Dental neglect: systematic review
Child Protection Evidence is a resource for clinicians across the UK and internationally to inform clinical practice, child protection procedures and professional and expert opinion in the legal system.
Varying definitions of dental neglect exist and broadly encompass “the persistent failure to meet a child’s basic oral health needs, which is likely to result in the serious impairment of the child’s oral or general health and development”. This systematic review evaluates the scientific literature on abusive and non-abusive dental neglect in children published up until November 2014 and reflects the findings of eligible studies. The review aims to answer one clinical question:
- What are the parent/carer characteristics of a child with dental neglect, and what oral features are present in these children?
- Two new studies in 2014 have addressed dental neglect among pre-school children, including antenatal neglect and its impact on dentition. There has been increasing interest in the oral features of children experiencing other forms of maltreatment, and the impact of dental neglect on children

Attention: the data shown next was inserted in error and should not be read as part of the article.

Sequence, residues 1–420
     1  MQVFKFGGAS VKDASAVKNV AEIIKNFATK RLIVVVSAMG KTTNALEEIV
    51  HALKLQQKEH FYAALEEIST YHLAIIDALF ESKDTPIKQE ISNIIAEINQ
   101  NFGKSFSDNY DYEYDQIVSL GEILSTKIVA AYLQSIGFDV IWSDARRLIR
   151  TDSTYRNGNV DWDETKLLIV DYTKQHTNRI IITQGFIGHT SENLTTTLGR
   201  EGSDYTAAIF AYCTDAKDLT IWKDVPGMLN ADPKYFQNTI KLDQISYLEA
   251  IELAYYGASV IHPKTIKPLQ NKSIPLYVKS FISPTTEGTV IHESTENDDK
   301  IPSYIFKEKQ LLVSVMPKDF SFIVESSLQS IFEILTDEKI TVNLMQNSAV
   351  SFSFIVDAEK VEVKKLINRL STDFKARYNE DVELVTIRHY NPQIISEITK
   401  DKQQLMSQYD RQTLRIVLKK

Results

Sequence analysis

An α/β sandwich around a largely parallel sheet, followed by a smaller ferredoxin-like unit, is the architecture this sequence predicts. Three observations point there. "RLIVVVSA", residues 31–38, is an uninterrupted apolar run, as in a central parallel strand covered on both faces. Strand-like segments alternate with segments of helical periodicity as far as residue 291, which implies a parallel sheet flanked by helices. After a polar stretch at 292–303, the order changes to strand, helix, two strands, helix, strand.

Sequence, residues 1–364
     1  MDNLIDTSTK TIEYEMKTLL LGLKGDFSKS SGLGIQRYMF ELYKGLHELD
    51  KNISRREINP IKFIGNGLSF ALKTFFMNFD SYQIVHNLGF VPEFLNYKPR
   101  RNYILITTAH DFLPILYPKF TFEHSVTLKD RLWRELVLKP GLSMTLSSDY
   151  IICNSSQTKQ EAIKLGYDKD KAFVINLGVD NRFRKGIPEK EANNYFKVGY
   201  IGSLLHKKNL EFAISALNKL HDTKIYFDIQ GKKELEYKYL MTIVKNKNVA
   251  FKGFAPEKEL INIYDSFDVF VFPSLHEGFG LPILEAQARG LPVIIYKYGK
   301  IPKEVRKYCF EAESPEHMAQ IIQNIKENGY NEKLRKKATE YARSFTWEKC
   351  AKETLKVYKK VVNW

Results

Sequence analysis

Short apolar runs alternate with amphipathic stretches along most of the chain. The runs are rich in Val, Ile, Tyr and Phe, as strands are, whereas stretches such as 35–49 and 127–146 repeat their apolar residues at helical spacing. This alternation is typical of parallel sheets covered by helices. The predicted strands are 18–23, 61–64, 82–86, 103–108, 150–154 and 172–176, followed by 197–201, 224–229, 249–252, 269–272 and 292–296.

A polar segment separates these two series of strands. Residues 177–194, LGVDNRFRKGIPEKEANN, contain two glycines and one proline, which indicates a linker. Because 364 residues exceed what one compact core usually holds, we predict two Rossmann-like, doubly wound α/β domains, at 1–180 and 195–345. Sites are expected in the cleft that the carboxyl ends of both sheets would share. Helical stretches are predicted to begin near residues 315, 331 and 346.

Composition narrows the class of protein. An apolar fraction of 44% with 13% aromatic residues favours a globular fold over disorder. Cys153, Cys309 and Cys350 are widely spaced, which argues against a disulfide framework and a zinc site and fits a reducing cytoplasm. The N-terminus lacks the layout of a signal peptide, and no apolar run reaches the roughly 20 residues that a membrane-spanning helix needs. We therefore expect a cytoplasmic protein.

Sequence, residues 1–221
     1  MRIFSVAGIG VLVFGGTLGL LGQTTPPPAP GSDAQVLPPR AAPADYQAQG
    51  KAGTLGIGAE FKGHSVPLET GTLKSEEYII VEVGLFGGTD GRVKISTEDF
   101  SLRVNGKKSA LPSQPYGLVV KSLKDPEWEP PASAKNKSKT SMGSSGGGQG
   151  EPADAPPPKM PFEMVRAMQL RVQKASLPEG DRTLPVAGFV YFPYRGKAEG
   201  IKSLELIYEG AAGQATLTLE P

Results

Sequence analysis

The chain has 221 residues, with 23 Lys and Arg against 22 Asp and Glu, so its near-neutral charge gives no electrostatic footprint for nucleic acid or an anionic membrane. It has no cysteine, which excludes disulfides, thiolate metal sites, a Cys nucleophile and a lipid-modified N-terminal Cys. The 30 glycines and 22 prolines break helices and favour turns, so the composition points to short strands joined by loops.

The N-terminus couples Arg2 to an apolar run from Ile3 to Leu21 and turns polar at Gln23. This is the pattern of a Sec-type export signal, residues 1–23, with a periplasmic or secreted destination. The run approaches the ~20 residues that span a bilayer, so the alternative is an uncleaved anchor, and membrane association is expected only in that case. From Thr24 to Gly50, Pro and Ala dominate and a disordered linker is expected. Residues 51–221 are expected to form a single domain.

- Failure to attend appointments when the child is experiencing pain or discomfort, or failure to adhere to a recommended treatment plan should prompt a full investigation of the explanation for this
- Dentists are strongly encouraged to collaborate with their local safeguarding / child protection team in order to ensure that prompt and appropriate referrals are made when concerns regarding dental neglect arise
|Disclaimer: This is a summary of the systematic review findings from our most recent literature search. If you have a specific clinical case, we strongly recommend you read all of the relevant references as cited and look for additional material published outside our search dates.
Original reviews and content © Cardiff University, funded by NSPCC
Published by RCPCH July 2017
While the format of each review has been revised to fit the style of the College and amalgamated into a comprehensive document, the content remains unchanged until reviewed and new evidence is identified and added to the evidence-base. Updated content will be indicated on individual review pages.